```Bugs
----
Script →#.math← does a poor job of collecting "like terms":

math script until ')'

x+y + x+y           ⍝ good
2*(x+y)

x+y + x+y + x+y     ⍝ not so good
2*(x+y)+x+y

x+y+z + x+y+z       ⍝ abysmal
x+y+z+x+y+z

)

In  general, to collect terms that are arbitrarily far apart, we would need arb-
itrarily complex reduction templates.

One solution would be to install a separate "collection" phase alongside reduce,
to do the job.

numb──←─┐   ┌────┐   ┌────────┐   ┌─────┐
├─←─┤show├─←─┤evaluate├─←─┤parse├───←──expr
expr──←─┘   └────┘   └─┬────┬─┘   └─────┘
↓    ↑
┌─┴────┴─┐
│ reduce │
└─┬────┬─┘
↓    ↑
┌─┴────┴─┐
│collect │
└────────┘

The  collector  would need to know whether each infix function is commutative or
associative. The information could be indicated either in the function declarat-
ion itself:

← *(×)⍨≡    /(÷)            ⍝ mul div
│└──────────────────  associative
└───────────────────  commutative

or by ancilliary declarations of the form:

:commutative + *
:associative + *

Note that the _distribution_ of functions with respect to each other (* distrib-
utes  over  +  etc) is already handled adequately by the reduction subsystem, as
distribution is a _local_ effect within the expression tree.

The  collector  would  identify like terms and try to bring them close enough in
the expression tree for the reduction rules to take effect.

((((x+y)+z)+x)+y)+z     ⍝ fully parenthesised starting expression.

((((x+y)+z)+x)+y)+z     ⍝ like terms
¯       ¯
((((x+y)+z)+x)+y)+z     ⍝ + associative
¯  ¯
(((x+(y+z))+x)+y)+z     ⍝ + commutative
¯
((((y+z)+x)+x)+y)+z     ⍝ + associative
¯  ¯
(((y+z)+(x+x))+y)+z     ⍝ reduction rule
¯¯¯
(((y+z)+(2*x))+y)+z     ⍝ like terms
¯           ¯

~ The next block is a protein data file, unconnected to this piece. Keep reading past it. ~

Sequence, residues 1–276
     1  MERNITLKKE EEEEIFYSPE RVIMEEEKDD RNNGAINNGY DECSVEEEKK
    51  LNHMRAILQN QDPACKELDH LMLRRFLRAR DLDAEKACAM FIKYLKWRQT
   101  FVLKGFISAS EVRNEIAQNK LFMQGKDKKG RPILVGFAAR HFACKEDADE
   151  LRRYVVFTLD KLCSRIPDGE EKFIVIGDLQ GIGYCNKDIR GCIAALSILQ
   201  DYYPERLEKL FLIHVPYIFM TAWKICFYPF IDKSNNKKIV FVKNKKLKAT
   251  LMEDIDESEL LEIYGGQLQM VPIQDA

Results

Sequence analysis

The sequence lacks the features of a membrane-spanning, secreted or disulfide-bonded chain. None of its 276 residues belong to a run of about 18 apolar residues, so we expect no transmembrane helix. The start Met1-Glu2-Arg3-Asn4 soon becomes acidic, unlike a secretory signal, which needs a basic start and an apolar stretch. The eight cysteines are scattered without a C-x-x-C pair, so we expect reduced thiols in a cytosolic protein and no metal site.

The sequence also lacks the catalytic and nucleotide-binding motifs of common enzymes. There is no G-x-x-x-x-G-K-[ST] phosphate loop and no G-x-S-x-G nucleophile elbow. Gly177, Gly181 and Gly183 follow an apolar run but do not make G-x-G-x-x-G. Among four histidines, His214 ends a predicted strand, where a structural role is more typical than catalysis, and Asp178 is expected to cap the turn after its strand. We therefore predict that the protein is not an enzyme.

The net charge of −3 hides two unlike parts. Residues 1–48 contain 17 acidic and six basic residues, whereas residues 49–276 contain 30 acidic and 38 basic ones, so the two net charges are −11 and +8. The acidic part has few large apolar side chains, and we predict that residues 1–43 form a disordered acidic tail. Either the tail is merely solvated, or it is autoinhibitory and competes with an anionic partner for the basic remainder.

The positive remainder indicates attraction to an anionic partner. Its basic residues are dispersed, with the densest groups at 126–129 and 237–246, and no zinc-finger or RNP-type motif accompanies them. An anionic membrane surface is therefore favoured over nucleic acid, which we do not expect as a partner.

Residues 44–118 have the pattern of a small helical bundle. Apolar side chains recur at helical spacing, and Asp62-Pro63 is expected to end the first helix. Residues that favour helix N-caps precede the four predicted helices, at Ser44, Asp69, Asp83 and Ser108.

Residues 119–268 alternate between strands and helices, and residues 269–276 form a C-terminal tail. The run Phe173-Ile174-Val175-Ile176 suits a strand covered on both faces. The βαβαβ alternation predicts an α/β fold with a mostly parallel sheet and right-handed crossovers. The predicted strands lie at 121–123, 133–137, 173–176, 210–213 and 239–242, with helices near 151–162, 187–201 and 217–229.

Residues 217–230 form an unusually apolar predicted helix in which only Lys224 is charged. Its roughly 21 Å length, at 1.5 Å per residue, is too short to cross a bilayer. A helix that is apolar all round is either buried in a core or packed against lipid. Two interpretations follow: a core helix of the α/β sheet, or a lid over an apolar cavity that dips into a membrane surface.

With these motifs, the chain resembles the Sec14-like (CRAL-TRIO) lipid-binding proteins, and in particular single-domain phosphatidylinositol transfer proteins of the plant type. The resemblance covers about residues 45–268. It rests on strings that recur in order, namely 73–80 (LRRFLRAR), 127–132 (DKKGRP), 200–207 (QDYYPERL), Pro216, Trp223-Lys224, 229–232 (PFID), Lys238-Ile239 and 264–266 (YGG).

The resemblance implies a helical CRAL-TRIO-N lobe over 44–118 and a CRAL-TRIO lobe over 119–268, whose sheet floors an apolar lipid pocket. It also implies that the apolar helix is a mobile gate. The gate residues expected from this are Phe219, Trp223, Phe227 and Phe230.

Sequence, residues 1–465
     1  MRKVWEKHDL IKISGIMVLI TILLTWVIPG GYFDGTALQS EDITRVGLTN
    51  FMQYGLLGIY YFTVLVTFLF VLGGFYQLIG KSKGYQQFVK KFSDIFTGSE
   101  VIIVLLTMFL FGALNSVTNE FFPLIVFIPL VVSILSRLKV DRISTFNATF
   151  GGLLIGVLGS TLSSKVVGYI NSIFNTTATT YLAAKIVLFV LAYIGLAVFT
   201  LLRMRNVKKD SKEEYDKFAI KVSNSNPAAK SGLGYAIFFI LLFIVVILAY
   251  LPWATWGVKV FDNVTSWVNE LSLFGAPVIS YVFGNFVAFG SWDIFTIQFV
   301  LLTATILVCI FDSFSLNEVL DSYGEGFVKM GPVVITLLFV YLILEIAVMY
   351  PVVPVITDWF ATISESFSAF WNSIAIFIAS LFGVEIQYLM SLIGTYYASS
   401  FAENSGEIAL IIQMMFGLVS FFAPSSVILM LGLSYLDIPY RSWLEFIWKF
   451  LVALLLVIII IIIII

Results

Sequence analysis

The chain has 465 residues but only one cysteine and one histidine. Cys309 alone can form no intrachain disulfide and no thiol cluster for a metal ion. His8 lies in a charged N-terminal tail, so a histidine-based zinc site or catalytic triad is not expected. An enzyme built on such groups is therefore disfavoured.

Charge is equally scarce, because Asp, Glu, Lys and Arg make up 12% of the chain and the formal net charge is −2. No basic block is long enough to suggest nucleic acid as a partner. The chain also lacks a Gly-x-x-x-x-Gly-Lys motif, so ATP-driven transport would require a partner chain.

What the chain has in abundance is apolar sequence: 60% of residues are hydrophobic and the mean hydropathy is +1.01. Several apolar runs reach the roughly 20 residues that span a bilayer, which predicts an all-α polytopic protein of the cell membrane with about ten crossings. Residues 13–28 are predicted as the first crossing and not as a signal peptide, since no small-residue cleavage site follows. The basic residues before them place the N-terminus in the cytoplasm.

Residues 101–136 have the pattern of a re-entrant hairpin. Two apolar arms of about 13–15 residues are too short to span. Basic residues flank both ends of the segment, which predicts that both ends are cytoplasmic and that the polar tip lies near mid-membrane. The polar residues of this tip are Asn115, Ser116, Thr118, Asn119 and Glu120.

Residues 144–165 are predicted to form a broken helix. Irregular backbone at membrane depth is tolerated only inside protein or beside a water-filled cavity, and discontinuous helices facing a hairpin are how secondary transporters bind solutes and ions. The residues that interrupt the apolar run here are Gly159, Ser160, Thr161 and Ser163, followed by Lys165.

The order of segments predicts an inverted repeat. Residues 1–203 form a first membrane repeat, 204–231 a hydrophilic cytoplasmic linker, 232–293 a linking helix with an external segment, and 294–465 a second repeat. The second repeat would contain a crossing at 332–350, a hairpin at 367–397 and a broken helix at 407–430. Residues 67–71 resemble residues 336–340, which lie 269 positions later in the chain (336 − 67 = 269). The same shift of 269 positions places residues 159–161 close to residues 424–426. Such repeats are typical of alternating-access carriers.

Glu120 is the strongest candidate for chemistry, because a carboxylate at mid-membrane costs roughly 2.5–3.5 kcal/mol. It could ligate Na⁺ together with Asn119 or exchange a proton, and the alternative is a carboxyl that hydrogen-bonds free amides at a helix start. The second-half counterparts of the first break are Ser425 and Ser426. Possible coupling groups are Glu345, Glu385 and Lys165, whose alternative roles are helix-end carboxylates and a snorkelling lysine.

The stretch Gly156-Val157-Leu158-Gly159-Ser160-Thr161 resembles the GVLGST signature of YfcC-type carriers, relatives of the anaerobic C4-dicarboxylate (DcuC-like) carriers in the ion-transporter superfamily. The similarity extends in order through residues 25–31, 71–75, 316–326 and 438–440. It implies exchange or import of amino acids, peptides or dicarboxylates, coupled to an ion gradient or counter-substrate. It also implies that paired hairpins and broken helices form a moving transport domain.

...

((2*z)+(2*y))+(2*x)

...

2*(z+x+y)

Lexicographical Ordering
-------------------------
An alternative might be to introduce a further pattern-matching mechanism, which
would allow for lexicographical ordering of expressions and thus, the collection
of like terms across commutative and associative infix functions.

In the following, let's use >> (and <<)  as short-hand for "is lexicographically
greater-than (and less-than)" and introduce new pattern-matching symbols ⍋ and ⍒
so that:

(..⍋..⍒..)  matches  (..X..Y..)  iff  X >> Y

A reasonable choice of ordering might be:

 Expressions ordered by their operator binding strengths,
 Non-atomic expressions trump atoms.
 Atoms sort in {⍵[⍋↑⍕¨⍵]} order.

For example, using the →##.math← script:

a∧b >> a*b          ⍝ ∧ binds tighter than *,
a*b >> c∧d + e∧f    ⍝ * binds tighter than +,
x+y >> a            ⍝ expressions trump atoms,
d << 123          ⍝ literals follow variables,
a << b            ⍝ "a" precedes "b".

This would enable reduction rules, for commutative and associative operators, to
collect "heavier" terms to the left, in accordance with mathematical convention.
Here is an example for the commutative and associative function +:

⍋+⍒ = ⍒+⍋             ⍝ + is commutative:     b+a => a+b
p+⍋+⍒ = p+⍒+⍋           ⍝ and associative:  (x+z)+y => (x+y)+z

which would tend to collect like terms:

y + x + z + x + y + z       ⍝ ⍋+⍒ => ⍒+⍋
¯¯¯¯¯
→   x + y + z + x + y + z       ⍝ p+⍋+⍒ => p+⍒+⍋
¯¯¯¯¯¯¯
→   x + y + x + z + y + z       ⍝ p+⍋+⍒ => p+⍒+⍋
¯¯¯¯¯¯¯ ¯¯¯¯¯¯¯
→   x + x + y + y + z + z       ⍝ p+p => 2*p
¯¯¯¯¯   ¯¯¯¯¯   ¯¯¯¯¯
→   2*x + 2*y + 2*z             ⍝ (p*q)+(p*r)  =>  p*(q+r)
¯¯¯¯¯¯¯¯¯¯¯¯¯¯¯
→
2*(x+y+z)

It is tempting to use this mechanism to try to arrange  expression  terms  in  a
pleasing order. We might prefer: (4*x∧2 + 3*x - 7) rather than (x*3 - 7 + x∧2*4)
and to see (x+y) instead of (y+x). This leads to a slight conundrum in that:

We like our expression variables in alphabetical order:

x+y+z           ⍝ x << y << z

but our polynomial terms in decreasing order of exponent:

x∧3 + x∧2       ⍝ x∧3 << x∧2:  implies 3 << 2 !

One way out of this dilema is to define the lex-ordering of variable names to be
the reverse of alphabetical ordering.